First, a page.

Referring to FIG. 3, an exemplary embodiment of the present invention is shown. The Switching matrix R-nodes (305-307) selectively connect the R-nodes in the horizontal set #1 (conductors 301-304) and the vertical set #2 (conductors 308-312), by means of the associated CIPs (313-330) that are turned on (conducting). For example, the R-node conductors 301 and 310 are connected by means of Switching R-node conductor 307 and turned-on CIPs 319 and 326. Similarly, R-node conductors 303 and 311 are connected by means of Switching R-node conductor 305 and turned-on CIPs 315 and 327. Also, R-node conductors 304 and 309 are connected by means of Switching R-node conductor 306 and turned-on CIPs 318 and 324. The other CIPs are turned off; i.e., non-conducting. Note that each of the switching R-nodes has at least two CIPs associated with it: at least one CIP is provided to connect the Switching R-node to at least one conductor in R-node set #1, and at least one CIP is provided to connect the Switching R-node to at least one conductor in R-node set #2. As will be further explained below, the R-node sets #1 and #2 may be either Block Access R-nodes, or alternatively Inter-Block R-nodes.
The three sets of R-nodes are typically formed in two or more conductor levels, typically metal, which are dielectrically isolated from one another. For example, the R-node set #1 may be in a first metal level, and the R-node set #2 in a second metal level, with the Switching R-nodes formed in either level. However, if desired, even a single conductor level can be used. For example, a single metal level may be used for the R-nodes, with jumpers of polysilicon (or another conductor type) provided at the cross-over locations. The CIPs are typically formed in the underlying semiconductor substrate, which may be contacted by the R-node conductors through window openings and inter-level vias according to techniques known in the integrated circuit art. While FIG. 3 shows the logic of the Switching R-node technique, the physical layout may be quite different. For example, referring to FIG. 5, one layout shows that the switching R-node comprises conductor segment 56 that selectively connects vertical R-nodes 51 and 52 to horizontal R-node 50, by means of CIPs 53, 54 and 55. Referring to FIG. 6, another layout shows a Switching R-node 66 that selectively connects vertical R-nodes 61 and 62 to horizontal R-node 60, by means of CIPs 63, 64 and 65.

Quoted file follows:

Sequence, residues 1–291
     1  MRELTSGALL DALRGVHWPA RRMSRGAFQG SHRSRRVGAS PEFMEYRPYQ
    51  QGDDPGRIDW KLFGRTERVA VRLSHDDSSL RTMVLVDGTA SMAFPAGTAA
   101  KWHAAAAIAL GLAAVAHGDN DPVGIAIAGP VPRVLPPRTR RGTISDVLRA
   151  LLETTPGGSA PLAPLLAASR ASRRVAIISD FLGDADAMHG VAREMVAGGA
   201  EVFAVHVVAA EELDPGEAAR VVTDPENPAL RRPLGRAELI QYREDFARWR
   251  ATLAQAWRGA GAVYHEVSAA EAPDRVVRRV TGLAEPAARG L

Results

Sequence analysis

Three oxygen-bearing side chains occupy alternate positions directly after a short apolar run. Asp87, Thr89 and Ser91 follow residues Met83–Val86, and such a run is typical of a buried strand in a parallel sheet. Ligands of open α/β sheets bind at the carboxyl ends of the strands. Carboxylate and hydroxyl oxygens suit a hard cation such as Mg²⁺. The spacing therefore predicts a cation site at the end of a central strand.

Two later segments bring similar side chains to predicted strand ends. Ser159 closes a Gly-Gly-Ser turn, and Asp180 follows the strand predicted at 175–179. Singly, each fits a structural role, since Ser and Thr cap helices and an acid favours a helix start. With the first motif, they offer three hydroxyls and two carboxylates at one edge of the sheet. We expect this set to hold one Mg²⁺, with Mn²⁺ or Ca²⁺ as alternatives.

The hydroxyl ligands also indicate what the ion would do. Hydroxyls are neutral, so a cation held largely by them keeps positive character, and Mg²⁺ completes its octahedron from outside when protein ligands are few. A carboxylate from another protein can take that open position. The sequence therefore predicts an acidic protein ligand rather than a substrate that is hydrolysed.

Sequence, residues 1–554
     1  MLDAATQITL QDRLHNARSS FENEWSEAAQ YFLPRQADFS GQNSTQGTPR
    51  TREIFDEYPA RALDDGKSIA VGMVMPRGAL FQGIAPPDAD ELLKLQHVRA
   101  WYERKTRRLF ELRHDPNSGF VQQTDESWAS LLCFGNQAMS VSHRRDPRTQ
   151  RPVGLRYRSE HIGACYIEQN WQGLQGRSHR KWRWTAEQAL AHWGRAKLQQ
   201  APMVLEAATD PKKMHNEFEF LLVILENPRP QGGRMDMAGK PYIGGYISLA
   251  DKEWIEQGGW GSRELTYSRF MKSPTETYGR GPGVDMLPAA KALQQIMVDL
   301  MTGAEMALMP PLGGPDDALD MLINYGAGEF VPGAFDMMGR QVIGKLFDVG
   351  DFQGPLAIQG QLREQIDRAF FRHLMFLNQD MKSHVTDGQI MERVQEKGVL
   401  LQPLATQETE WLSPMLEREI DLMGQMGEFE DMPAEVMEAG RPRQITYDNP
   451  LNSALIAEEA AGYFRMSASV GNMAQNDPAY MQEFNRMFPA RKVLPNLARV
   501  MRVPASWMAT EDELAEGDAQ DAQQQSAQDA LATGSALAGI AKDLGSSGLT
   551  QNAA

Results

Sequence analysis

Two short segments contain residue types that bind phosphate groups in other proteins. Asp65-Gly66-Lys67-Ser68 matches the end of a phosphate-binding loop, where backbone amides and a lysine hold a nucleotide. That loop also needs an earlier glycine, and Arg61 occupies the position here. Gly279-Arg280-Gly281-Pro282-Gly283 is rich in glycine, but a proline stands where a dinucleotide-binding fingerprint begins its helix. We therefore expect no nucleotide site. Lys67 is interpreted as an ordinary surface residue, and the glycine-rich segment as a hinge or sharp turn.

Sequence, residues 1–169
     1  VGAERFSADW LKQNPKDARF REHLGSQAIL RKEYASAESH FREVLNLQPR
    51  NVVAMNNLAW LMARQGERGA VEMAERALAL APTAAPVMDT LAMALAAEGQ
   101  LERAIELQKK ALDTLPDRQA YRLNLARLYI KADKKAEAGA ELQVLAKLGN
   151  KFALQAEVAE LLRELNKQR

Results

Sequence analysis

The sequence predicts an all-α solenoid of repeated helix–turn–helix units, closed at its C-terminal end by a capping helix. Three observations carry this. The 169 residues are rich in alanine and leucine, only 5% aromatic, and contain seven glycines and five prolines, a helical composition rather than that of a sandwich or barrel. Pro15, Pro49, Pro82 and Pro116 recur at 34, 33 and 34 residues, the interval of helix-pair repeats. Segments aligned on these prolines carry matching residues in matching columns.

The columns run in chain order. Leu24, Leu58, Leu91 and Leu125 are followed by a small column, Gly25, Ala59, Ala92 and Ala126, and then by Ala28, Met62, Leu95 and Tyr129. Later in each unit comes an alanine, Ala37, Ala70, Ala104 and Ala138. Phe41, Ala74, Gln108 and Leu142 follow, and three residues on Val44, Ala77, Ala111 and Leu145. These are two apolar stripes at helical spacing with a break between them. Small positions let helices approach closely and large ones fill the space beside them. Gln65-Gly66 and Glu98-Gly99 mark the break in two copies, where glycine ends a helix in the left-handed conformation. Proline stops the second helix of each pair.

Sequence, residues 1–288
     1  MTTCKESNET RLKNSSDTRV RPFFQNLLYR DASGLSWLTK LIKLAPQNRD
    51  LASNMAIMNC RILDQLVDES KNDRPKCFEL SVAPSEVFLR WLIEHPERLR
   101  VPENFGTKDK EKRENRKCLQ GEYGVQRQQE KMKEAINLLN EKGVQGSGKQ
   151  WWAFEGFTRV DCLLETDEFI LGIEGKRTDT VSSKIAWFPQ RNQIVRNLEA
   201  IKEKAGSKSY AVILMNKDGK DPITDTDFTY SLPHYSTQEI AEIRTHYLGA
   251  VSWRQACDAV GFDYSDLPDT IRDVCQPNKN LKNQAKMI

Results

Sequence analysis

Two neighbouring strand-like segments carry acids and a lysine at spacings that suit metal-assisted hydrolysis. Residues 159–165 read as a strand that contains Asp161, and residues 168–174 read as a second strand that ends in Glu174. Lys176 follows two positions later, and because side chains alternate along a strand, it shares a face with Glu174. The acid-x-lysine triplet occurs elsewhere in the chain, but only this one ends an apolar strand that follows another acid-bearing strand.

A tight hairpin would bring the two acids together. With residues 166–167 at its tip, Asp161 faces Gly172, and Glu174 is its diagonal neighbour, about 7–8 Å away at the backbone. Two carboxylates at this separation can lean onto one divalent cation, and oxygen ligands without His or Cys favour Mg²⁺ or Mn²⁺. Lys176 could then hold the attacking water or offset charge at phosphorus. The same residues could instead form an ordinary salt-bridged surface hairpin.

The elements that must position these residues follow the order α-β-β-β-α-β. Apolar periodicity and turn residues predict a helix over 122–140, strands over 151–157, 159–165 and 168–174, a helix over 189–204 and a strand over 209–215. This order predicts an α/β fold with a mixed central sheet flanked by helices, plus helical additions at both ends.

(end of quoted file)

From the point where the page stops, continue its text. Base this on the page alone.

In a typical application of the present invention where a signal is an output of a PFU, it is placed on an output PFU Access R-node, then routed to a Switching R-node, and then routed to an Inter-Block R-node. For a PFU input, the signal is taken from an Inter-Block R-node, routed onto a Switching R- node, and then muted to an input PFU Access R-node. If multiple PFU Access R-nodes and Inter-Block R-nodes can be connected to the same Switching R-node through the use of CIPs, then fewer CIPs can be used to make the needed connections between the PFU Access R-nodes and the Inter-Block R-nodes than in previous FPGA architectures. Although there are many possible connections that can be made, each Switching R-node typically carries only one signal at a time. Therefore, in the current implementation, multiple Switching R-nodes are used to allow multiple connections between PFU Access R-nodes and Inter-Block R-nodes. For the above example where two Inter-Block R-nodes are routed together, the signal on one of the Inter-Block R-nodes would be routed onto a Switching R-node, then routed from the Switching R-node to the other Inter-Block R-node. As before, if multiple Inter-Block R-nodes can be connected to the same Switching R-node, then less CIPs can be used to make the needed connections between them than in previous FPGA architectures. Also as before, although for one Switching R-node there are many possible connections that can be made, only one connection can be made for one signal at a time. Therefore, in the current implementation, multiple Switching R-nodes are used to allow multiple connections between the two groups of Inter-Block R-nodes.
A third type of routing, PFU feedback routing, can also be done with Switching R-nodes. This is done by routing an output Access R-node to a Switching R-node, and then from the Switching R-node to an input Access R-node. Thus, the inter-PFU routing is saved to route between different PFUs. if the Switching R-nodes discussed above are actually the same set of Switching R- nodes, then these Switching R-nodes may have all three functions of: (1) PFU Access-node to Inter-Block R-node routing; (2) Inter-Block R-node to Inter- Block R-node routing, and (3) PFU feedback routing. Thus the Inter-Block R- nodes do not have to make connections to three sets of Switching R-nodes (in other words one set for each type of routing) and the number of CIPs can be reduced further. This also allows a Switching R-node to perform all three functions at the same time. FIG. 4 then shows how a single Switching R-node can perform all three types of connections at the same time for a given signal. As used with regards to the present invention, a "block" may be considered to be a given PFU (or Input/Output cell) and the Access R-nodes that are directly connected to it. Therefore, an Inter-Block R-node provides a connection between two PFU's via their associated Access R-nodes. Note that more than one Inter-Block R-node may be involved in making the aforesaid connection, as when a vertical Inter-B lock R-node connects to a horizontal Inter-Block R-node.